At the same time, the perception is that the PRI stumbled. Paredes, who was not long ago predicting a 12-for-12 on the July 4 scoresheet, is a culprit on that score. The fact that Oaxaca and Puebla --both machine states in every sense of the term, both entities where the PRI (or its ancestors) had ruled for eighty years, both races that received a lot of attention from PRI bosses-- were both lost also contributes to that sense of disappointment. All that explains why the satisfaction expressed by Ortega and Nava (the authors of the alliances) seems more sincere than Paredes'.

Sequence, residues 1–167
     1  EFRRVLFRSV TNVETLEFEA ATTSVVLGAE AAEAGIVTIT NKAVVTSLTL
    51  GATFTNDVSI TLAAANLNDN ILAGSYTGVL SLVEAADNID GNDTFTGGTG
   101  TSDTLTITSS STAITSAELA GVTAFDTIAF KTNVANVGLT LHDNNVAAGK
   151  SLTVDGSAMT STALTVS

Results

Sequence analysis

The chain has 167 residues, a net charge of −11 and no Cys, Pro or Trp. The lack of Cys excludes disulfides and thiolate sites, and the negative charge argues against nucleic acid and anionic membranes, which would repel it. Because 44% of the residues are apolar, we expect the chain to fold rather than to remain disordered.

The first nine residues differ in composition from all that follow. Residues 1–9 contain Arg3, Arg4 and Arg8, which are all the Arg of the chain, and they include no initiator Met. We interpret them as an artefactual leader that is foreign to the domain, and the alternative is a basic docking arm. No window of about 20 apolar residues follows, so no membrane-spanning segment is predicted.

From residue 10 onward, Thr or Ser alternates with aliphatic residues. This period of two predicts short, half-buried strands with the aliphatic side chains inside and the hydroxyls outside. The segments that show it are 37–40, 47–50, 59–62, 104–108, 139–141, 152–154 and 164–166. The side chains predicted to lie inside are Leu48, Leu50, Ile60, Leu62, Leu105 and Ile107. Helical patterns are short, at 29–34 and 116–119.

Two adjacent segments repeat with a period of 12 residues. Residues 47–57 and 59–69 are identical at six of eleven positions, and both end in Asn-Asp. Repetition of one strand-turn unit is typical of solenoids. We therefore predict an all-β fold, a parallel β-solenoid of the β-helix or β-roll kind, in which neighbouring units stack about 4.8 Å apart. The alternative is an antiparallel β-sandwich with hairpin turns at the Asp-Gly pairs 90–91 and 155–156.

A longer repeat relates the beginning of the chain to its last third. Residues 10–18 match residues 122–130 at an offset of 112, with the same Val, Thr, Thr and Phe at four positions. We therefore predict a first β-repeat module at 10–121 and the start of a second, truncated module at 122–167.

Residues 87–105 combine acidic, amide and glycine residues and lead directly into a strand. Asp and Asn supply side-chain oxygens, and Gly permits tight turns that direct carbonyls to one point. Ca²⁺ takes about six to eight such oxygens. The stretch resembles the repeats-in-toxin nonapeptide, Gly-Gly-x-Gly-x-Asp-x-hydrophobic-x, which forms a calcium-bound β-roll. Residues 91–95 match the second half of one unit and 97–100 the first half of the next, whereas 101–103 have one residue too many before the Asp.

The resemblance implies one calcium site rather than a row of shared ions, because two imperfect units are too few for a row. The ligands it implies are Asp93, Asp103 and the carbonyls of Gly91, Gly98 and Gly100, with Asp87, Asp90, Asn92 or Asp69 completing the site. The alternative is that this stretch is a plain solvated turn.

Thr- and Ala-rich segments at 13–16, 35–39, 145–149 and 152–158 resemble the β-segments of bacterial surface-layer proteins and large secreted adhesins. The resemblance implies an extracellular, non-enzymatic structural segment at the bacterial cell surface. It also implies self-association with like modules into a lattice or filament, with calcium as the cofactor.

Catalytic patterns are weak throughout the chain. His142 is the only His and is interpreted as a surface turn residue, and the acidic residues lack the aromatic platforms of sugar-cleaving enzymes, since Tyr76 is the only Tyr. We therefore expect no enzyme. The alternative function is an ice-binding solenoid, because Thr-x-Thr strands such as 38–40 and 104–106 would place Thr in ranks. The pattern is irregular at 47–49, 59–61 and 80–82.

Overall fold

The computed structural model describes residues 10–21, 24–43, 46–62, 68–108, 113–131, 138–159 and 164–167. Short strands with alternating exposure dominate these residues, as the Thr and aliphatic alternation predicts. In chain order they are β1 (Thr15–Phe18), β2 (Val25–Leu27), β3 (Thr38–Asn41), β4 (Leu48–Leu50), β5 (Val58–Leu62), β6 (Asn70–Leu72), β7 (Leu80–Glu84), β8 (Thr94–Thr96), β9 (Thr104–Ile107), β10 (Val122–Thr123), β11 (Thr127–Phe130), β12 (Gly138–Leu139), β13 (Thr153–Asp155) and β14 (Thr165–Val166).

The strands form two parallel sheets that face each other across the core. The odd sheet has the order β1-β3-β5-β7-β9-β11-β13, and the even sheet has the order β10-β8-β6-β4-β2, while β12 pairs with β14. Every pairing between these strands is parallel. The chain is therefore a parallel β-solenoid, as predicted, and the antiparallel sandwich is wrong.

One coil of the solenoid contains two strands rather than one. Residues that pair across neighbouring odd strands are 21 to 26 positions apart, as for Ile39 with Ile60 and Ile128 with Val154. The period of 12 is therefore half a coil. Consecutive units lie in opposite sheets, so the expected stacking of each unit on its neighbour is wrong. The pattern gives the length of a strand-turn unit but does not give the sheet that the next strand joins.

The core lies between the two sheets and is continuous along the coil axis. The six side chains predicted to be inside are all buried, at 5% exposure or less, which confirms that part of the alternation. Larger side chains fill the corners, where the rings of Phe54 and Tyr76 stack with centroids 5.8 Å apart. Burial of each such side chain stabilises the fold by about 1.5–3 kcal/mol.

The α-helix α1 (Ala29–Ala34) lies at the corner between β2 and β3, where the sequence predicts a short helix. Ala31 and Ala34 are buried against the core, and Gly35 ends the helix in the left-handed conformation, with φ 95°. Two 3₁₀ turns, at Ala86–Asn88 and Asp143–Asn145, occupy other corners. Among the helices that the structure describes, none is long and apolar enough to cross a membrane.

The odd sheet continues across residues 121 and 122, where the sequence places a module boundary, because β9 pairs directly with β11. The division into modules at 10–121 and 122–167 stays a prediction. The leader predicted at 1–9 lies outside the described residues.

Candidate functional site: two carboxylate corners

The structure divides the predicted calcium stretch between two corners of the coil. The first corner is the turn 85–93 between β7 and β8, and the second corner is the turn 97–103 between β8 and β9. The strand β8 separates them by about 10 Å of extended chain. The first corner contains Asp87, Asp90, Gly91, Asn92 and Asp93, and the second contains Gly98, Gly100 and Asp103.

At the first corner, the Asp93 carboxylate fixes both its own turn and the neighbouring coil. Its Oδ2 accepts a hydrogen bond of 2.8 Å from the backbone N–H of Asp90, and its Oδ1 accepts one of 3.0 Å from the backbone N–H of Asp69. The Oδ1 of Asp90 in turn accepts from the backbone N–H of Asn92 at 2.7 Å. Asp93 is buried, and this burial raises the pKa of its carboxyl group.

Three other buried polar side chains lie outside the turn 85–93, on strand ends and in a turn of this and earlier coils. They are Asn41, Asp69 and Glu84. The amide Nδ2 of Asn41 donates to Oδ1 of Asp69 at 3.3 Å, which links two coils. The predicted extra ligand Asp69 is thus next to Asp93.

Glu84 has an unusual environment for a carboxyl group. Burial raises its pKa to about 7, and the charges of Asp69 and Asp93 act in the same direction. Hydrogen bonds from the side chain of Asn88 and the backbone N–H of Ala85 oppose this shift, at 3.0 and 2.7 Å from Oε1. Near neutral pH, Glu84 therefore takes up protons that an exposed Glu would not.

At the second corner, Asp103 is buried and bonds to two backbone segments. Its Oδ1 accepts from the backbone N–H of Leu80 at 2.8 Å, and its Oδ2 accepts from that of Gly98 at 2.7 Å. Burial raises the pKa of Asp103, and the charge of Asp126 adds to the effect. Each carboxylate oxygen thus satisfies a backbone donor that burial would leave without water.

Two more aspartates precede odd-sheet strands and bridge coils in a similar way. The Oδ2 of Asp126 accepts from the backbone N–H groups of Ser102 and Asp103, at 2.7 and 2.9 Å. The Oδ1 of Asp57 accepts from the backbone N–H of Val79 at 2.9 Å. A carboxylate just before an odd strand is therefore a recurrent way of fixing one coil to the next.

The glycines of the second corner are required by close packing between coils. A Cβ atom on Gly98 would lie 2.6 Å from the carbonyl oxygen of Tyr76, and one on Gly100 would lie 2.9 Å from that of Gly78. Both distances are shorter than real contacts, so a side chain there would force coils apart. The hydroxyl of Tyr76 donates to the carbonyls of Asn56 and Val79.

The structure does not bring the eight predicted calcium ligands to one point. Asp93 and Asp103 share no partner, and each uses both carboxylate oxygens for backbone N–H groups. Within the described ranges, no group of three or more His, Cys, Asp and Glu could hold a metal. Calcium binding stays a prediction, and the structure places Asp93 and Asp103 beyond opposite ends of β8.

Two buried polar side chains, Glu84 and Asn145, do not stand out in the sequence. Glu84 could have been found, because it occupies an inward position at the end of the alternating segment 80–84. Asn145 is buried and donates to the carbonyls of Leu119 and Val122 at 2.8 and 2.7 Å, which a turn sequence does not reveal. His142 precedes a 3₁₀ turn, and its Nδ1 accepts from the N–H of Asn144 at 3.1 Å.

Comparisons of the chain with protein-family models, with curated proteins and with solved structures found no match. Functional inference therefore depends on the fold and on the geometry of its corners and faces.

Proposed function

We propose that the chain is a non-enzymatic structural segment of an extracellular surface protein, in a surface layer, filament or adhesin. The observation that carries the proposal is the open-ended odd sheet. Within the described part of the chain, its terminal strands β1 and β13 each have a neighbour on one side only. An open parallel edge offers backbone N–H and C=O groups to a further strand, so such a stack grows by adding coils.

In terms of the political significance of yesterday's elections, I think the most relevant question is whether the PRI has peaked. There's no question that it today remains the strongest single force in the nation, and Peña Nieto, for all his shortcomings, remains a more attractive candidate than anyone the PRD or the PAN is likely to nominate. But the party seems a lot more vulnerable today than it did after the elections a year ago. Furthermore, the loss in Oaxaca and the likelihood of another alliance in Mexico State next year suggest that Peña Nieto could well fail to hand over his post to another priísta, which the conventional wisdom says would doom his presidential chances. If that happens, we could be looking at a presidential race every bit as wide open as that of 2006.